What does this mean for people who have been cataloged, labeled or diagnosed as Other? Do they not also live pigeonholed in the roles that were assigned to them? Many are diagnosed from a young age and since then society has expected them to behave in a certain way; the invisible shackles appear again, but this time in the real world. As Teunie van der Palen explained, popular notions of autism and the posthuman and/or cyborg
tend to lay stress on an overabundance rationality, combined with a supposedly diminished capacity for empathy. These notions also appear to envision the posthuman as disembodied and radically independent. A critical posthumanist perspective on autism, however, would instead emphasise the embodiment of the autistic and the cyborg and explore their interrelationality.

When a Westworld host goes off script, it’s like when a person does something that society doesn’t usually expect of them. Those in charge of monitoring the park would embody a role of vigilantes of what is supposed to happen. So when code breaks or hosts have entirely new dialogs, they see it as a danger or threat to the entire ecosystem. In this sense, in the eyes of visitors and the organization, the liminal ones are accepted as long as they behave according to the established parameters. But series also show what might happen when those who are different show us that they can be able to write their own narratives.

As we can see, the problems the series addresses are deeply human. The different ones have always been pigeonholed, silenced, tried, repaired and, if it was considered that they were working incorrectly, discarded. Each of us lives in our own loop. From an early age we follow rules and guidelines on what to do, how to behave; we even follow a path without stopping to question our reality. So, we may not be as different from hosts as we initially thought.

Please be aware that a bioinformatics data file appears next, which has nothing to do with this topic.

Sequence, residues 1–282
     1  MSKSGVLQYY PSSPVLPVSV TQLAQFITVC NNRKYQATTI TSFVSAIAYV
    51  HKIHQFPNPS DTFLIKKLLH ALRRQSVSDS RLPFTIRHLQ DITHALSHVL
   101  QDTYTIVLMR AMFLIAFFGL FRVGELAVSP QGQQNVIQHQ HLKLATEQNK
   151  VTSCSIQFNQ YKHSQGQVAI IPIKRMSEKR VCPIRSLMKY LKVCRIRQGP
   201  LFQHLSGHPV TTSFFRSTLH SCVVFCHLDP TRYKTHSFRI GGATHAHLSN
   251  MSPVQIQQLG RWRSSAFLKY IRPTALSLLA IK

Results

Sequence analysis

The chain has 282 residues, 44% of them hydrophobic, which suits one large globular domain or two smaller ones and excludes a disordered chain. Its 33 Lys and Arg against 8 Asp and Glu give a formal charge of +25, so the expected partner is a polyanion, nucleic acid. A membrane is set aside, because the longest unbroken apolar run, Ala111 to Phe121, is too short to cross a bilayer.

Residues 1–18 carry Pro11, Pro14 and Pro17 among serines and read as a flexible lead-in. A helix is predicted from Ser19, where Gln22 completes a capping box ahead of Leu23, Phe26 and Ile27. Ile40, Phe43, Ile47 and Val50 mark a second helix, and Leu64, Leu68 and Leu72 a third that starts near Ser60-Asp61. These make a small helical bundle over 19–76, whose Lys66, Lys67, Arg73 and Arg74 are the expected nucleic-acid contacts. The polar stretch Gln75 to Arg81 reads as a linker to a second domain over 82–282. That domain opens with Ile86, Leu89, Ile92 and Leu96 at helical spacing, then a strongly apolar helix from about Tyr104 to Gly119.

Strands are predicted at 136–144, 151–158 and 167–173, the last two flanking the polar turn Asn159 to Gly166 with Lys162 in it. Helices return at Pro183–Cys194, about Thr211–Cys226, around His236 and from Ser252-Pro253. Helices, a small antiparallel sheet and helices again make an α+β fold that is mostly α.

Life at Westworld is about interrogate ingrained and expected practices, about discovering who we really are and what we have come to the world for and that is what Dolores discovers. Those who are different, in one way or another, might identify with a character that decides to go beyond the expected. As the episodes go by, Dolores grows tired of being the damsel in distress and decides to take charge of her own destiny; hence, if we conceive it as a figure that represents those who were diagnosed with conditions such as the autism spectrum, this decision acquires even greater importance, since it means that people who were labeled and pigeonholed within socially or medically imposed limits can breakdown these barriers and show that everyone is capable of doing anything. In the words of Dolores:

“Those are all just roles you forced me to play. Under all these lives I’ve lived something else

has been growing. I’ve evolved into something new. And I have one last role to play:



Dolores becomes the architect of her own history, just like many people around the world decide, day by day, not to be their diseases, their conditions, their stigmas; they decide to be something else, something that is not imposed on them but is their personal choice. A character told Dolores that she was not special, that she was broken. That is perhaps one of the biggest prejudices that have been built around people who have some quality that differentiates them from what is considered normal. This prejudice leads to erroneous reasoning where the different is opposed to the broken or dysfunctional, as if they were opposites. But is this really so? Dolores shows us that it is not broken and that it does not need to be fixed. What she tells us is that if we always respond as society expects us to respond, we will never truly be free. Then, being able to choose her own path, Dolores
breaks with the code, creates a new narrative, chooses who she wants to be; living in the moment and charting a non-predetermined course is her cry for freedom. Self-knowledge is, therefore, a liberating activity. By discovering who we really are, we can finally achieve freedom, as Dolores says: